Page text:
Drudge the king-maker for online news

Via a post by my friend Paul Kedrosky I found out that the Drudge Report is responsible for one quarter — a whopping 25 per cent — of all inbound traffic to some of the leading British news sites, including The Guardian, the BBC, the Independent and the Telegraph. That’s a mind-boggling number.

It comes from a study of British online news sites by Neil Thurman, a researcher at City University in London. To put that Drudge figure in perspective, the site (according to Nielsen/NetRatings at least) accounted for more traffic than Google, Google News and Yahoo News combined.

Pretty impressive — even if Drudge does inflate its page views by forcing the site to reload every three minutes.


Martin Hofmann points out in the comments that the Drudge figure is based on a single month worth of traffic from more than two years ago.

6 thoughts on “Drudge the king-maker for online news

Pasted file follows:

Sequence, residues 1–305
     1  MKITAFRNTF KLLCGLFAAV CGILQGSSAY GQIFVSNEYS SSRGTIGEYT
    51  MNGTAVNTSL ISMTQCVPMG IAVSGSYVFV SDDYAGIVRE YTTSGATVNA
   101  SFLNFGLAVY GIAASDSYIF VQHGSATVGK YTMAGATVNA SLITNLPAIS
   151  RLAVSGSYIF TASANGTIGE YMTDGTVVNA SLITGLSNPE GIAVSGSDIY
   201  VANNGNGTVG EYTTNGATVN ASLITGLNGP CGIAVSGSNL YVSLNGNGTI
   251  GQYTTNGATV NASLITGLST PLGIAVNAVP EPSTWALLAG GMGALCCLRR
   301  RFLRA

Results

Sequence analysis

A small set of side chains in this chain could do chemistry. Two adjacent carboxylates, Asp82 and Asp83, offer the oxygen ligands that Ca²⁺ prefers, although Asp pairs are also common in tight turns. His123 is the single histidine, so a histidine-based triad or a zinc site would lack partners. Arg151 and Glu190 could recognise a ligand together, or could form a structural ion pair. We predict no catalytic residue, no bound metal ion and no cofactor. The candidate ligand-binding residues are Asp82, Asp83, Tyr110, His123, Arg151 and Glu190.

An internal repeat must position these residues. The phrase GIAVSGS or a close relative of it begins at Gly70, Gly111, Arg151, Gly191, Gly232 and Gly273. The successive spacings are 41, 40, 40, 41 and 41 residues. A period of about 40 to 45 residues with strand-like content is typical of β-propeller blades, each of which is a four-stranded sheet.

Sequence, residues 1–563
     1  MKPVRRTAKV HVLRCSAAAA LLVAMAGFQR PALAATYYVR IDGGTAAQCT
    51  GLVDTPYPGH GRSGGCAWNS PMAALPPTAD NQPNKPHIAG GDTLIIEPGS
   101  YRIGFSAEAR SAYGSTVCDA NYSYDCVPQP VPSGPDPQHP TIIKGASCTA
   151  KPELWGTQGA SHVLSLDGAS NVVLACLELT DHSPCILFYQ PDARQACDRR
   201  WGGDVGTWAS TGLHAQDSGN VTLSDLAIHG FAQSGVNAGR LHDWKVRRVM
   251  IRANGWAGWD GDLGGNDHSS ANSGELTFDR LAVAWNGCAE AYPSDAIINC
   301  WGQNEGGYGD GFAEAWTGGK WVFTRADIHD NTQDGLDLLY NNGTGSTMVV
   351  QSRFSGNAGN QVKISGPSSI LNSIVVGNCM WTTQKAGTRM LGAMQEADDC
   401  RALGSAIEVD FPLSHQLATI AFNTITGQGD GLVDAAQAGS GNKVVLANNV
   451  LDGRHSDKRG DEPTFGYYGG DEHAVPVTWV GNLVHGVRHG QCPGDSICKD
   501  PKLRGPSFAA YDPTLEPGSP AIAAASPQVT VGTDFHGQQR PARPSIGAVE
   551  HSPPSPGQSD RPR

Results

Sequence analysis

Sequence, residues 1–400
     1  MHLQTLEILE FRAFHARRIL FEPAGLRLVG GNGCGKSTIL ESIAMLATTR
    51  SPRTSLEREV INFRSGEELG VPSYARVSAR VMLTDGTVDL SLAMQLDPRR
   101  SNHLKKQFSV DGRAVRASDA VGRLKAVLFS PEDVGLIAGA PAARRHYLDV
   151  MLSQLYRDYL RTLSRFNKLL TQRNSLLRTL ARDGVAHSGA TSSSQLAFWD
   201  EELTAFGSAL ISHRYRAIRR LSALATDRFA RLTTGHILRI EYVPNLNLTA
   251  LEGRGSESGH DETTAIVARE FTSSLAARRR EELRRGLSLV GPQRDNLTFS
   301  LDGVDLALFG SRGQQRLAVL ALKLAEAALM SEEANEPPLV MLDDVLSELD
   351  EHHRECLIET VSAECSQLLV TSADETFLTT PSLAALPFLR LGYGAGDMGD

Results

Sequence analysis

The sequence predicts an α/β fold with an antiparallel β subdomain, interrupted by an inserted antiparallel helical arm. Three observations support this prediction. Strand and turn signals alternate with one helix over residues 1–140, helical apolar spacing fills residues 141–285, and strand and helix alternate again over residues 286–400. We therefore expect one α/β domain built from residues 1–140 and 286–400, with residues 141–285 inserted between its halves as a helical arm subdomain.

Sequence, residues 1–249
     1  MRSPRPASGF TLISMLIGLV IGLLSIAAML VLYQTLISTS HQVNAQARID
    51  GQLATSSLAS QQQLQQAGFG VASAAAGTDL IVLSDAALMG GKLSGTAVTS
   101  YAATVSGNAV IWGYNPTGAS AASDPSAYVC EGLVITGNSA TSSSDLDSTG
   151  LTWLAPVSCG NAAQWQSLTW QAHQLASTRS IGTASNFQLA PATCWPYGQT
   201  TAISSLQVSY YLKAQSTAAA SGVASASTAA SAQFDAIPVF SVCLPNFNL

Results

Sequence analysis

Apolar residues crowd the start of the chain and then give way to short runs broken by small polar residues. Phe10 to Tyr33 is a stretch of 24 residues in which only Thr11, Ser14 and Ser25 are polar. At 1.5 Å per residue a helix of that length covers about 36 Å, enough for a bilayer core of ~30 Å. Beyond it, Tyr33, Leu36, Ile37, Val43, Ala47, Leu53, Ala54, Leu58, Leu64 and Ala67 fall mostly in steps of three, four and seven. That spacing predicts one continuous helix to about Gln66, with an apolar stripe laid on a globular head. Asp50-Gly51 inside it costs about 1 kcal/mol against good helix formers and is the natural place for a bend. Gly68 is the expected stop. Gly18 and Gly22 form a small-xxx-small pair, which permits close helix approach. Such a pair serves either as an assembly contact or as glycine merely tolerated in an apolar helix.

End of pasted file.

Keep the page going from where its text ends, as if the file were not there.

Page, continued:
1. I don’t mind if a site that aggregate hundreds of sources pushes out a refresh every once in a while. It saves me from clicking Refresh to see if anything on Techmeme has updated.

    But Drudge? Yeah, sounds like phoney page inflation to me.

  2. re: forced page reloads:

    I wrote about this issue a few days ago, when the Washington Post’s website finally drove me around the bend. I hate this behavior because, with the exception for rapidly-changing pages mentioned above, forced page reloads are a completely artificial way of increasing page view statistics. The practice doesn’t actually improve readers’ experience (in fact, it makes their experience much worse) and the higher page views don’t actually reflect any additional viewership.

    Anyway, the Post does it in a particularly annoying way, which I wrote about here.

  3. In the City University study that Paul Kedrosky quotes, the Drudge traffic figure is based on only one month of traffic: June 2005. It is impressive but it would be interesting to find out what the percentage is over the course of a year and whether it still holds true in August 2007.

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